Perhaps they can be learned together in a more meaningful way. In a Frontline video James Paul Gee makes a case for using video games with students to teach 21st Century skills of problem solving and innovation.
We typically test students on the facts that they know but are less adept at assessing if they can use the facts to solve problems. We often attempt to ensure students know the vocabulary and facts before we give them experiences in which these words and facts are used. They are both important and require the other in order to be meaningful. You need facts to solve problems. A game or virtual environment has the quality of providing an experience in which a student can solve problems and learn facts and concepts simultaneously, they may even learn vocabulary after concepts are learned.
I watched a 7 year old playing a video game called Spore, the concepts were about evolution and biology and the game required manipulating an organism in varying stages of evolution. This little girl solved a variety of problems including avoiding predators, experimenting with mobility and communication and finding shelter and food. Among the concepts learned were the importance of a brain to a living organism, usefulness of camouflage, and the value of mobility types. She does not yet know all the vocabulary associated with these concepts but the frame of reference allows for a meaningful learning of facts and vocabulary. When told the word “predator” and “camouflage” in relation to the images on the screen that she had played with, it made perfect sense and the words were then used in conversation. Interestingly, none of this took place in a school classroom.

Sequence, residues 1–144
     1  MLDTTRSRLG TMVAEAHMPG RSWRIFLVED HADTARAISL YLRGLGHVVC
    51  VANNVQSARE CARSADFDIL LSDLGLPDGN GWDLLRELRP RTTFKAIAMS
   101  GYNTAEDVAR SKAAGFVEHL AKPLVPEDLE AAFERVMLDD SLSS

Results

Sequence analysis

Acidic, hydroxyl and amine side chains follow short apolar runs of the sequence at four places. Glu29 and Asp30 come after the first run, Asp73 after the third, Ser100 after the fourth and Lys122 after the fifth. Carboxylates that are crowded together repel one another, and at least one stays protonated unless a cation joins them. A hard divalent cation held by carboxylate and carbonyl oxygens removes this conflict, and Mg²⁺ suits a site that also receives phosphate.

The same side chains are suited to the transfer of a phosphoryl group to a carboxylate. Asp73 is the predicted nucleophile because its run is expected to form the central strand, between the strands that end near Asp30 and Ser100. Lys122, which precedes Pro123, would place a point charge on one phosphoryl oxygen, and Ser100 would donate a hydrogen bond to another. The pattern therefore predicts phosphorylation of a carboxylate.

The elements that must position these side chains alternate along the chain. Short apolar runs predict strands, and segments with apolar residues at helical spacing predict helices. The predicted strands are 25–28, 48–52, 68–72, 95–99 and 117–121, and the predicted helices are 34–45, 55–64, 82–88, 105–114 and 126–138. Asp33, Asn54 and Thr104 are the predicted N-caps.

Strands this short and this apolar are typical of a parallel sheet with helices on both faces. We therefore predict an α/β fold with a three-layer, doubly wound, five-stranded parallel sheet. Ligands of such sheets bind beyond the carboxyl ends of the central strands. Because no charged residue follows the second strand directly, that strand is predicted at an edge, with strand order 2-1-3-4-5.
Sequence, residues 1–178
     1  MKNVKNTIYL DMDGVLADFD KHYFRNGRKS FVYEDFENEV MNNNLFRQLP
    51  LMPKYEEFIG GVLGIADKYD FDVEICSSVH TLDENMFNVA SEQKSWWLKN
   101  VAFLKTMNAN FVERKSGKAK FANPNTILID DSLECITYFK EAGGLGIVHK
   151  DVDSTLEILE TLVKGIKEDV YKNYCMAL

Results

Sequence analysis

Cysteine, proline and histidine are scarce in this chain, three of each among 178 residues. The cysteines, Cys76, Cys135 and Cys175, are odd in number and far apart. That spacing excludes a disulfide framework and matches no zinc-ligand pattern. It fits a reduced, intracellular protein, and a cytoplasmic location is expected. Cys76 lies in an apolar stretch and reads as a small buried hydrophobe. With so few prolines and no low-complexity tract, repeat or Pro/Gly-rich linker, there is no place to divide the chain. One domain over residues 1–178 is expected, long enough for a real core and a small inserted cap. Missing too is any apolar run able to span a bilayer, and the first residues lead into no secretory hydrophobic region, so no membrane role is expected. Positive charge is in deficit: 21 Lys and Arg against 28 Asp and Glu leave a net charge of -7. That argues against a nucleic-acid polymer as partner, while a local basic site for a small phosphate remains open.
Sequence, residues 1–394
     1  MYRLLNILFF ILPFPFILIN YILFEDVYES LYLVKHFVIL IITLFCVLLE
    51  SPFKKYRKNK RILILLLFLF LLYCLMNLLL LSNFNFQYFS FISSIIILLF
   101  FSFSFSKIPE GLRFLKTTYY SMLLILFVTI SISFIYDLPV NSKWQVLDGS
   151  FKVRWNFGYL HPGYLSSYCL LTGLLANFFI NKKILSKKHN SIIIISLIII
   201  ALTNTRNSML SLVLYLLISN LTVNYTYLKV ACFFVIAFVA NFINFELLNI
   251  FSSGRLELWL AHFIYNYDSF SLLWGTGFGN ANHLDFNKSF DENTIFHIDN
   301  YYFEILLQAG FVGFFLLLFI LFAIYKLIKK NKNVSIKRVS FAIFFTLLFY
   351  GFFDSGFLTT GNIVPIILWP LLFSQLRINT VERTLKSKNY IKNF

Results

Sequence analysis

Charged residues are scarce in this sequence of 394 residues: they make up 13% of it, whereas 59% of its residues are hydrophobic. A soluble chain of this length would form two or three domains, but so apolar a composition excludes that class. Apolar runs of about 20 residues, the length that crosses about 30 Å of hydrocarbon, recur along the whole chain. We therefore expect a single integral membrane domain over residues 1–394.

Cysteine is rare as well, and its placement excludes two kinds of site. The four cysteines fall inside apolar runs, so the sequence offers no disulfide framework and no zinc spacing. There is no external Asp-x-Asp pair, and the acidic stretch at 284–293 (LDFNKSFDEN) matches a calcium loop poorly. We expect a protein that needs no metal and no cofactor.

James Paul Gee describes games as being best for “preparation for future learning”, to give a foundation and background for learning that will take place later in another mode. What are the implications for children with limited experiences? Could a virtual environment provide that preparation for future learning effectively enough?